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Matt Viser, Globe Correspondent - March 3, 2005

The internal squabbles among members of the Newton Taxpayers Association are no longer internal.

Brenda Loew, who has been active in the group in the past, last week filed a lawsuit against Jeff Seideman, a candidate to become the group's next president. She alleges in the suit, filed Feb. 24, that Seideman libeled her in an e-mail sent to her and one other member of the association. "I wouldn't waste any more time with her, trying to explain things," Seideman wrote in a Jan. 27 e-mail. "She's delusional. And a liar to boot."

Loew is suing for $100,000 for suffering "very substantial personal pain of mind and professional damages," according to the suit. Loew, who is a paralegal, filed the suit in Middlesex Superior Court.

"I'm not delusional, nor a liar," Loew said in an interview. "I really take exception to that. It was directed at me, and I felt it was malicious and intended to harm me. That's the definition of defamation."

The Newton Taxpayers Association originally was scheduled to vote last week to elect a new president, but members decided to wait. Even the vote on whether to elect the next president was a tie, 8 to 8. The group's president, Paula S. Kay, declared that the vote would be postponed until the next meeting, on Wednesday.

"There was a certain uneasiness, I guess, about the fact that there seemed to be a rift," said Brian Camenker, the current co-vice president. "We kicked it around and we decided to wait a couple of weeks and vote again."

This is only the latest in a long string of conflicts in one of the city's oldest grass-roots political groups, and it comes at a time when members say they need to be united for a ballot initiative against a new Newton North and to field candidates in November elections.

The squabbling began in mid-January, when some members of the taxpayers association floated the idea of having Seideman, a registered Democrat who had been active in the group for only about six months, take over as the next president.

Seideman declined an invitation to appear on "Newton Talk" on NewTV, a show that Loew produces and another taxpayers association member, Jackie Morrissey, hosts. Seideman said he did not want to appear on the show until the election was over, because he did not want it to appear that he was representing the organization.

Loew said she felt snubbed, and she proceeded to send out several e-mails to the group, one of which had a link to a site that has a photo of Seideman standing next to Lenna Soderberg, who was Playboy's Miss November 1972. "Everyone say hello to Lenna!" Loew wrote in the e-mail.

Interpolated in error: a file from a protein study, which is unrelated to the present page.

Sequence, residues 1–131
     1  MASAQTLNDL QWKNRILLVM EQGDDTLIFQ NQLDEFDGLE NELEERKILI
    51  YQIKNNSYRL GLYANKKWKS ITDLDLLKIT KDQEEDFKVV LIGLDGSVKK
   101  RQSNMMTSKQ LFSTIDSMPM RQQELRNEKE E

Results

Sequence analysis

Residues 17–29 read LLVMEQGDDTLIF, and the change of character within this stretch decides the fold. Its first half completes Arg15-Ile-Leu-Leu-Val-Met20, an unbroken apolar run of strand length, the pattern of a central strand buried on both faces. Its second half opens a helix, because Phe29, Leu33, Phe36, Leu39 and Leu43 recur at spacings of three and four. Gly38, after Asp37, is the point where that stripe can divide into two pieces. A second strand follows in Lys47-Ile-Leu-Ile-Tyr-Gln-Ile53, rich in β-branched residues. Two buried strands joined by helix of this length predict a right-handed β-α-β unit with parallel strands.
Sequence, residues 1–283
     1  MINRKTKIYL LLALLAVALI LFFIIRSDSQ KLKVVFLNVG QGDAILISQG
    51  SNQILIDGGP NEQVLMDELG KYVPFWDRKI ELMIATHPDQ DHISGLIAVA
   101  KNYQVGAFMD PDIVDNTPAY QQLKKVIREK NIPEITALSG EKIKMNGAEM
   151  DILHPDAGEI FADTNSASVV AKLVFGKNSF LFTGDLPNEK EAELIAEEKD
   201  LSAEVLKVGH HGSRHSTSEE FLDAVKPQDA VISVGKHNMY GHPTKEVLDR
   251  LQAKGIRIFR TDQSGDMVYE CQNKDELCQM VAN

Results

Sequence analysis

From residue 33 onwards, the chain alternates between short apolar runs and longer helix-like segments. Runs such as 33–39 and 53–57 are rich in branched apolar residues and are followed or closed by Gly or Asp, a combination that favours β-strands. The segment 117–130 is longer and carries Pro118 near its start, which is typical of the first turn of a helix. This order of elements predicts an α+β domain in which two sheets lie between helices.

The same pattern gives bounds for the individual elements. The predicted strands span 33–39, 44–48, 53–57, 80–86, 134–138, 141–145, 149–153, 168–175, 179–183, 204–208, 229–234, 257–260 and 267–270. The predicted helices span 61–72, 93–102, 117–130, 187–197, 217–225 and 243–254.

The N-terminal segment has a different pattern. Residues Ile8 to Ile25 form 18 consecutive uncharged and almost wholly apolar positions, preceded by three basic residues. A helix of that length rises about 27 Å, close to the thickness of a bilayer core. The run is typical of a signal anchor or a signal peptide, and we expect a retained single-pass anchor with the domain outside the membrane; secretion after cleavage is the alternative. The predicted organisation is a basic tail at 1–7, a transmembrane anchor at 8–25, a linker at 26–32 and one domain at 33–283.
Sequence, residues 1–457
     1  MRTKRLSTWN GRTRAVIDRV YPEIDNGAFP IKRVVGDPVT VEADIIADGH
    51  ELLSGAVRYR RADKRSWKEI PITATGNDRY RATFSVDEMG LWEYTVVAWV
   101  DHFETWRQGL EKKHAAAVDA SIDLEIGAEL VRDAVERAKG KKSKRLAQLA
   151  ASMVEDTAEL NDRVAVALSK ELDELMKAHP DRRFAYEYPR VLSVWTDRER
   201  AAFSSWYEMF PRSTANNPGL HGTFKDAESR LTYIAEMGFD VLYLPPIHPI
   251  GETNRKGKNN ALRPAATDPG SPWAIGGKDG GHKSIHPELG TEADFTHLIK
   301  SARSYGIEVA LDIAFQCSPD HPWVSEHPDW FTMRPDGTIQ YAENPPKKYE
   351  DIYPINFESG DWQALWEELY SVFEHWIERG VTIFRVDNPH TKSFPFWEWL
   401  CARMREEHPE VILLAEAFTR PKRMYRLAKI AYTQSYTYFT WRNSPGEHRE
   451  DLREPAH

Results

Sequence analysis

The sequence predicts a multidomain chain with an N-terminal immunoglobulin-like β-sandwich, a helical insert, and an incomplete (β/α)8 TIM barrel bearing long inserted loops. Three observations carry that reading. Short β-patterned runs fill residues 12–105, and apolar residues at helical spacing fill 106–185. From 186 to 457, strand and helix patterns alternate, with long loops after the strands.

Computer programmers scanned in Soderberg's centerfold as a test image for early compression software, and in 1997, Seideman, working with officials at Playboy, tracked her down in her native Sweden and brought her to a Boston conference on the history of digital imaging.

That led to a flurry of e-mails, including the one that Seideman wrote, in which Loew says she was libeled.

"I think it's frivolous," Seideman said in an interview. "The effect is just to distract us from the job at hand. By doing this, it just emphasizes in the public's mind that there's all this bickering and disagreement going on, which I don't think is the case. I think when people set aside their social issues, everyone is united in trying to get the city to be fiscally responsible. This is just a distraction. It's a frivolous lawsuit."

Some members have started trying to distance themselves from Loew, and Loew herself has talked about leaving the group to start a new one.

Meanwhile, the taxpayers association is coping with a void in its leadership; all the officers in the group have said that they won't run for reelection. At 16 members, the group's board of directors lacks the 21 required by its bylaws.

Kay, the current president, says she doesn't want to be president next year for personal reasons, and the group's co-vice president and treasurer, Marsha Ciccolo, has told members that she plans to resign. Camenker, the other co-vice president, has wavered on whether he would run again for vice president. He told the Globe in January that he would run, but last week, he said he wouldn't.

Various names have been floated for replacements, including Greer Tan Swiston, the Republican challenger to state Representative Kay Khan last November; William Heck, the former general manager at Copley Plaza Hotel who ran for aldermen in 2003

"There's clearly two factions for and against me," Seideman said. "The group that's for me thinks we have to move forward, we have to set an agenda, and we've got to patch up the reputation of the organization. Then there's other people who feel all their woes are due to people who don't like them."

Right now, Seideman is running unopposed, but he says his opponents are searching for a candidate to run against him.

Matt Viser can be reached at

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